(Martin Raiser is the World Bank country director for China, Sebastian Eckardt is the World Bank’s lead economist for China, and Giovanni Ruta is a lead environmental economist of the World Bank.)
(first published on China Daily via World Bank)
The EU wants to cut emissions, Bulgaria and Eastern Europe will bear the price
In the last few years, the European Union has been going above and beyond in dealing with climate change. Clearly, this is far from being a case of disinterested endeavour to safeguard the planet and the environment. On the contrary, the EU’s efforts aim at reinforcing its “normative power”. In effect, the EU has gained some clout on the international stage, even vis-à-vis faraway countries like Vietnam and China. Yet, in doing so the Union embroiled in the apparent rush for more and more ambitious climate standards and targets. Therefore, Brussels needs to start acting and deliver on its promises to keep staying ahead of the pack. Even more so given US President Biden’s strengthened engagement with friends and foes alike on the climate and human rights.
Last week, the European Commission manifested its acknowledgment of this need by unveiling the Fit for 55 (FF55) growth strategy. Overall, this new, beefed-up Green Deal should reduce greenhouse gas emissions to 55% of their 1990 level by 2030. In some analysts’ view, the FF55 plan is a game changer in the long-term race towards climate neutrality alas. In fact, it could “both deepen and broaden the decarbonisation of Europe’s economy to achieve climate neutrality by 2050.” Moreover, they expect the FF55’s 13 measures to generate a number of positive ripple effects across EU economies.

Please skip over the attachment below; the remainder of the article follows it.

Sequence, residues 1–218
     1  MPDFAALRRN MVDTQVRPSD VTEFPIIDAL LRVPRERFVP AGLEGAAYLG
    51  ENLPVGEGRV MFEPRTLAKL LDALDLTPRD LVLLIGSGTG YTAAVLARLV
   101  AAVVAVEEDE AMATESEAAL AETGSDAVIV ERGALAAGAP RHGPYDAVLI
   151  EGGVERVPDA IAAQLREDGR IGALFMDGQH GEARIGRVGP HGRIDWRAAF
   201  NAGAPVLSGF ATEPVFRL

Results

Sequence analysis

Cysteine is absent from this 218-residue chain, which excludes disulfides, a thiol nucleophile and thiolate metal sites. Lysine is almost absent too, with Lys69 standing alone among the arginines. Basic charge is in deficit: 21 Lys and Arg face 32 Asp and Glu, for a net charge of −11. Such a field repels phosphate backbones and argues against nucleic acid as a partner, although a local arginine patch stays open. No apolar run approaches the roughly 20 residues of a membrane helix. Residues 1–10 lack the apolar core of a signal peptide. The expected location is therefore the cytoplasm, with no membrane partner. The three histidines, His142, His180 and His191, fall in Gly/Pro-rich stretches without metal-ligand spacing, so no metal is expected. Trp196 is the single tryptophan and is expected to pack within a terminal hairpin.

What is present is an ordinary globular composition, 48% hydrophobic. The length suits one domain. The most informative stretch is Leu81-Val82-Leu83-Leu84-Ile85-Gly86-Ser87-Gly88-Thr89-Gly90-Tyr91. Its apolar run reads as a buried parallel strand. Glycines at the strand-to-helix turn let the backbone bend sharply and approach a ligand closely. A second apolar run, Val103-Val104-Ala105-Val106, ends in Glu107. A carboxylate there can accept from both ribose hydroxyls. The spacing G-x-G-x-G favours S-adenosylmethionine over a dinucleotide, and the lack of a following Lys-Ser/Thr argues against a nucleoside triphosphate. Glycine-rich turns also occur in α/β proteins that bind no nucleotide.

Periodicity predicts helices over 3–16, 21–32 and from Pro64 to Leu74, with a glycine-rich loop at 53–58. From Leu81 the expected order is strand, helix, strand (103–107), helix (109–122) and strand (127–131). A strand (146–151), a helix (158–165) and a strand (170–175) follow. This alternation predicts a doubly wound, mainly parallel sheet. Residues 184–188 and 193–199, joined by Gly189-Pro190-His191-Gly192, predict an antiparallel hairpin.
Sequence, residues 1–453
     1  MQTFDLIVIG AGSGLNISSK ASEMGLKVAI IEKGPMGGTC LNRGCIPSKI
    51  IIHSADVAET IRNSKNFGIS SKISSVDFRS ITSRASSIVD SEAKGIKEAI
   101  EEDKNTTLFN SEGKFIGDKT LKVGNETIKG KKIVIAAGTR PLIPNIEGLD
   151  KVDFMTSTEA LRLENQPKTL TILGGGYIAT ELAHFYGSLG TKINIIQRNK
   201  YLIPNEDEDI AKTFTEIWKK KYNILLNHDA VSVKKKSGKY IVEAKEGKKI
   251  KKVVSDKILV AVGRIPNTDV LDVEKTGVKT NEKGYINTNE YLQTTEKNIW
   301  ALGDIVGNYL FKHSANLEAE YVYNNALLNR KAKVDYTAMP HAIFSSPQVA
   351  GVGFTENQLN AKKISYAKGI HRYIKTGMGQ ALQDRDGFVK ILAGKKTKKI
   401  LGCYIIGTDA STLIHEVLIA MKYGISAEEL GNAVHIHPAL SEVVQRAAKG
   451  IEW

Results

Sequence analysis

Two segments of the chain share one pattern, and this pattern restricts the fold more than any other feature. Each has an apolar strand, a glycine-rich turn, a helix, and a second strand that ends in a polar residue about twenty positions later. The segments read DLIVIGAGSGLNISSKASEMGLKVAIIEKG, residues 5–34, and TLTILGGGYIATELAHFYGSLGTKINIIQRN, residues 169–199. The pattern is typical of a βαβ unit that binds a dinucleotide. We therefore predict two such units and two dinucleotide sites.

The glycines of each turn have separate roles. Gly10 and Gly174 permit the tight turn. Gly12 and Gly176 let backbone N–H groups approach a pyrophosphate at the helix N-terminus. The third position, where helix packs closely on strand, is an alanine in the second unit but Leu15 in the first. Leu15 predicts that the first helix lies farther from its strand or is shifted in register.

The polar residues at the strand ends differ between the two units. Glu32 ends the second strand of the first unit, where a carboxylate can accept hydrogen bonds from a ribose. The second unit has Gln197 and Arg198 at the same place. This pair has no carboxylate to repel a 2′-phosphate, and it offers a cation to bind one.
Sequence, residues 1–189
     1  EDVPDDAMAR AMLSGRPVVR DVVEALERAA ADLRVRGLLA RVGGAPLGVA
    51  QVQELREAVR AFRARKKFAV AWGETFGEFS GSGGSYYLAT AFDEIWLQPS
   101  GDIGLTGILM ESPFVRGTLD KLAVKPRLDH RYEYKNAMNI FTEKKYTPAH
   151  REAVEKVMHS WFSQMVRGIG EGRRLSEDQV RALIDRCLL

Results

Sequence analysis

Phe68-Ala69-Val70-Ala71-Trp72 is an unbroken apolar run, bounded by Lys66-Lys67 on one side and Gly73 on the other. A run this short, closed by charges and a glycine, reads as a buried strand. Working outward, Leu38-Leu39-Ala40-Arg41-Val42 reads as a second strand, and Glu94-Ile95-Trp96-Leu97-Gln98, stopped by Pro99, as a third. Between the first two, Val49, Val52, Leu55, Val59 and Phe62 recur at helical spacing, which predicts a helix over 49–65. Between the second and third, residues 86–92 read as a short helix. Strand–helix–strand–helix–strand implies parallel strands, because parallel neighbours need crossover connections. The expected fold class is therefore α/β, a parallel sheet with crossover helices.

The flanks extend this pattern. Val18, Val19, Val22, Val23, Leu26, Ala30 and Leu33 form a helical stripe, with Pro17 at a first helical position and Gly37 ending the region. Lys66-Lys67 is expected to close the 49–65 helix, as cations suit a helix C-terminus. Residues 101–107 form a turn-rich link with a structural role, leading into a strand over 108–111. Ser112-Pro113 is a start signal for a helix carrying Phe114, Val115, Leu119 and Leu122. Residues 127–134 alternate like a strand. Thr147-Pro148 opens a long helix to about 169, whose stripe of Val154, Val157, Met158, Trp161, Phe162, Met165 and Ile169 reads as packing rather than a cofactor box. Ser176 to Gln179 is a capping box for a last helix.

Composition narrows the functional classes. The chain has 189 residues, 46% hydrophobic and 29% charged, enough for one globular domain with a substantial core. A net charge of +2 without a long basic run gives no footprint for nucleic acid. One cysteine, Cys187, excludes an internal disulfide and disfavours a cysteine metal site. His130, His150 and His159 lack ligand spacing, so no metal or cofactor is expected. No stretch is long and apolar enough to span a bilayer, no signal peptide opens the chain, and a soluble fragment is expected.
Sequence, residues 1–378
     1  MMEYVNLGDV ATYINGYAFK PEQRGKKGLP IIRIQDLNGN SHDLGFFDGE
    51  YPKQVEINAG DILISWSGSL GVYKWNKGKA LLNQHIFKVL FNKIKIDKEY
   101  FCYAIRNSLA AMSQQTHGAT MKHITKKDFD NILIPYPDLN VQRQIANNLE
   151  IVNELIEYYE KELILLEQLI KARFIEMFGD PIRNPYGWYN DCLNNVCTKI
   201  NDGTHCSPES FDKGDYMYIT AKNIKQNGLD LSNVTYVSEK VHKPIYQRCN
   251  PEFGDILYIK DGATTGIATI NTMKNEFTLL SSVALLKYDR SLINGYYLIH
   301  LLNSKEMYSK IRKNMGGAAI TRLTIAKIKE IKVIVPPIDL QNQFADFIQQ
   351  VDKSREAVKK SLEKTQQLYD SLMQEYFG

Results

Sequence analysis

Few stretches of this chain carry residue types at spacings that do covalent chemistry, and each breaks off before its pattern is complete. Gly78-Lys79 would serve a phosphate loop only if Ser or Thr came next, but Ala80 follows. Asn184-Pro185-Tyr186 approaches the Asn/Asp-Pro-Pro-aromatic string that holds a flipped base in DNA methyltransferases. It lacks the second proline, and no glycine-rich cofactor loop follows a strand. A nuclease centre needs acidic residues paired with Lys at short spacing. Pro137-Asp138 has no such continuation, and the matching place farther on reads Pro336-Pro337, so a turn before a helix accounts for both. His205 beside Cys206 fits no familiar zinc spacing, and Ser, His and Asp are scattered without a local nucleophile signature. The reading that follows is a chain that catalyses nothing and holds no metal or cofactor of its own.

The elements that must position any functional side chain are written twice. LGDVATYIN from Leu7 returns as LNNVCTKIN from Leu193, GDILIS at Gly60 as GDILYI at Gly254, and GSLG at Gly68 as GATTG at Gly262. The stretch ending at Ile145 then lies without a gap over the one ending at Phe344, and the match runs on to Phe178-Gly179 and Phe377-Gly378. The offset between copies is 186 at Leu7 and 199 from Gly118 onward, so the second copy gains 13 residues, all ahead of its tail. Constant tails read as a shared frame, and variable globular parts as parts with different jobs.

True, wanting to reduce greenhouse gases significantly by 2030 and reaching net-zero-emission by 2050 goal is commendable under many regards. Still, the FF55 includes a number of measures that could impact ordinary people’s life massively across Europe. Nevertheless, the 27 Member States of the EU are responsible for as little as 8% of global emissions. As such, it is necessary to take a deeper look at how the FF55 will affect different countries and demographics.
The transition’s social cost
The realisation that reduction of capitalism’s dependence on fossil fuels will have serious socio-economic consequences is not at all new. Contrariwise, scholars and politicians have been outspoken about an indisputable “conflict between jobs and the environment”, since the early 1990s. Together, the pandemic-induced recession and the signing of the Paris Accord have brought the notion back on the centre stage.
Factually, pushing the energy transition entails facing mass lay-offs, generalised workforce retraining and taxes hikes on ordinary consumers. For instance, these hardships’ seriousness is evident in the progressive abandonment of coal mining for energy generation in the US. Moreover, the energy transition requires strong popular backing in order to be effective. Yet, measures pursued to achieve environmentally friendly growth tend to generate strong, grassroot opposition. Most recently, France’s gilets jaunes protests shows that environmental policies generate social discontent by disfavouring middle and lower classes disproportionately.
The poorest families and countries will bear the costs